Have you ever wondered why it is so hard to lose those last 5 kilos after plateauing? Or why despite the right diet and gym routine every day you can’t lose weight? Blame your brain, it is actually stress that is making you overweight. According to the founder of Uppy, Laura Moore, a performance and health coach, the body doesn’t understand the difference between a real or perceived threat so although someone may only be stressed about the amount of emails in their inbox, the body goes into fight or flight mode. This sets off a chain reaction of biochemical events in the body that piles on the pounds.


Belly Fat

Public enemy number one. When an individual is stressed the adrenal glands in the body are activated which release adrenaline to increase the heartrate and blood flow, as well as cortisol to flood the body with glucose for immediate energy. Cortisol however also slows down the body’s metabolism to maintain the glucose supply, and when it isn’t used, it is stored as fat…on the stomach! These elevated glucose levels also suppress insulin levels which decreases energy in the cells. As a result the brain sends out hunger signals which causes over-eating.



When we don’t get a good night’s sleep it disrupts the hormones ghrelin and leptin in our body. These hormones turn our appetite on and off and tell the brain what to do with the fat (use for energy or store it). Lack of sleep will confuse the process and you will experience unnecessary hunger, not know when you are full, and store fat when it should be burned. Furthermore our ability to perform at our best and make good decisions depends on the amount of sleep we have had, so on a day after little sleep you may choose to forgo exercise and choose poor meal options.


Digestion and calories

When the body is trying to fight a threat it shuts down anything not integral to survival at that moment, therefore when the body is stressed it normally shuts down the digestion system. Food is then not digested properly and a toxic build up ensues. These toxins retain fat and excess water resulting in you feeling puffy and sluggish. The calories we eat need sufficient nutrients in order to build tissue or burn fat. If our digestion is poor we don’t absorb the nutrients and the calories cause excess fat. The absence of the nutrients also triggers an urge to eat and leaves us feeling consistently hungry and in ‘fat storage mode’, making weight loss very difficult.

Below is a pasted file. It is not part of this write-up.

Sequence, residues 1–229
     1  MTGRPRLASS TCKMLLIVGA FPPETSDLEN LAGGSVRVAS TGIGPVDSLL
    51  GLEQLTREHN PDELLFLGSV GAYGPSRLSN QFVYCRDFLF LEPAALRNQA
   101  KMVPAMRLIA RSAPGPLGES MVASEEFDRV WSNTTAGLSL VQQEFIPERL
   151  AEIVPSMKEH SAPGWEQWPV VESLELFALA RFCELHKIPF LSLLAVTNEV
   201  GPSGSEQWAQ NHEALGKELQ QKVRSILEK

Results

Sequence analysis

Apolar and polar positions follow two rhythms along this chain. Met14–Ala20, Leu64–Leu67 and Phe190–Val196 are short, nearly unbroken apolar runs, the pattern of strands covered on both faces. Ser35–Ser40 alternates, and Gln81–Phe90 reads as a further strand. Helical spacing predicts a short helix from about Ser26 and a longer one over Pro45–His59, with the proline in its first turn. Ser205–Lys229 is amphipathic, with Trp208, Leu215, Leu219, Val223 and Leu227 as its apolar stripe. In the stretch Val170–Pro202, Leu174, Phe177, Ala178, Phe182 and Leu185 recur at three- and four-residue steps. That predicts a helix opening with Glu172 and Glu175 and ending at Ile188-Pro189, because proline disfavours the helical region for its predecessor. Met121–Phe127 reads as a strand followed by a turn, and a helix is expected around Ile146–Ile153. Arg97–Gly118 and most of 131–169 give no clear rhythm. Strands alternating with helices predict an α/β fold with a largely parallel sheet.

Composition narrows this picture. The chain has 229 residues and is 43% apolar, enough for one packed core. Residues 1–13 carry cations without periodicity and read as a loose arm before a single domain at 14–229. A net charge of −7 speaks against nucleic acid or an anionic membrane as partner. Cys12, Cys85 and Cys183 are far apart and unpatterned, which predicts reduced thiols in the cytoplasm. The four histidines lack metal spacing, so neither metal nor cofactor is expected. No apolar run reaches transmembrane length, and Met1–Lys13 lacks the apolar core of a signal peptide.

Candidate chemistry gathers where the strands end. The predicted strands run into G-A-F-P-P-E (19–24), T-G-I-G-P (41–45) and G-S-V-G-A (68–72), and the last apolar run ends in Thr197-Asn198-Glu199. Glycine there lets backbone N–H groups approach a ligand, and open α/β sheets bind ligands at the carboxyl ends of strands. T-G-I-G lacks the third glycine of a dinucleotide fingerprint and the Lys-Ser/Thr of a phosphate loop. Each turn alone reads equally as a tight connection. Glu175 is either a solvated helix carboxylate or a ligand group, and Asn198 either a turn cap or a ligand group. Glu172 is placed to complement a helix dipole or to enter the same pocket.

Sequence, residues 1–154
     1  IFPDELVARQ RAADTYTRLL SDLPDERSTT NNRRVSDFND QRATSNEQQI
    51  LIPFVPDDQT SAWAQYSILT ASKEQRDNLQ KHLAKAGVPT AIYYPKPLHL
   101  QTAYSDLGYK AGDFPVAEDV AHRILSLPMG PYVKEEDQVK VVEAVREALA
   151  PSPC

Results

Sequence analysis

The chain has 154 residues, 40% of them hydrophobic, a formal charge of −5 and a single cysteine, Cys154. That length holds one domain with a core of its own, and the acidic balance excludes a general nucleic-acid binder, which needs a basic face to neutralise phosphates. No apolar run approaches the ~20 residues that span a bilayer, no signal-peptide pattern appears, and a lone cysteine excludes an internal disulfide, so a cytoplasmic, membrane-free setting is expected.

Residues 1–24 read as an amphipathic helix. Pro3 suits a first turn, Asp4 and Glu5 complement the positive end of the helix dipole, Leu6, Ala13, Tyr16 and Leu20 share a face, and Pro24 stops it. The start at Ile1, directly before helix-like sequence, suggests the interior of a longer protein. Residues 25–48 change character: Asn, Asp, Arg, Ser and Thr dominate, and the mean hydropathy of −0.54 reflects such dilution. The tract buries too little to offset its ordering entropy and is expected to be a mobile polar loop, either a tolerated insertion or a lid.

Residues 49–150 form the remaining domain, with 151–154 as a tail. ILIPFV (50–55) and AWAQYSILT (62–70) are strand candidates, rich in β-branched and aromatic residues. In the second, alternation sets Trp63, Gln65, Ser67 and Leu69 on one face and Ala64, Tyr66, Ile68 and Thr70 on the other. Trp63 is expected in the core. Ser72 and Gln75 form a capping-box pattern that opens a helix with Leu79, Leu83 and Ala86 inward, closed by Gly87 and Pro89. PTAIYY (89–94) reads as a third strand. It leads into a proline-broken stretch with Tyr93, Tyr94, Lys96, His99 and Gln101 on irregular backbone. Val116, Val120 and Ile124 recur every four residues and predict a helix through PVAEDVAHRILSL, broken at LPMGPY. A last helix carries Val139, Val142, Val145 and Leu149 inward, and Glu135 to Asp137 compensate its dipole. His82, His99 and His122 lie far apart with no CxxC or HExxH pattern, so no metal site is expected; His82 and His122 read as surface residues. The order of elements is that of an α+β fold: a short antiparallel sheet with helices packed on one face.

Exercise can be stressful on the body but not necessarily a negative stress. If your body is in a constant heightened state of stress then it will already have excess hormones and doesn’t need any more. Exercise releases cortisol but if the levels are already too high in your body then it could contribute to weight gain. In this type of situation, re-evaluate the type of exercise and intensity and notch it down until the optimal state of the body is restored.


How do we fix it?

The best way to overcome “stress induced fat” is to do the following:

  • Sleep 7-8 hours a night (it has been said time and time again but it is true)
  • Turn off technology 30-60 minutes before sleeping (the blue light it emits kills melatonin which is needed to sleep) and establish a relaxing sleep routine
  • Eat simple meals with no more than 7 ingredients and make them whole, natural ingredients
  • Practice yoga and meditation (even start with diaphragmatic breathing) – this helps increase awareness and is the best way to relax the sympathetic nervous system, giving you a sense of calm and clarity
  • Know what your stress triggers are and devise to deal with them
  • Get professional advice
  • Do what makes you happy – schedule it in at least once a week and don’t let anything distract you from it


Laura Moore

Laura Moore  

Laura is a qualified personal trainer and the founder of Uppy. Uppy is a specialised service that empowers women to maximise their performance, both personally and professionally // www.uppy.com.au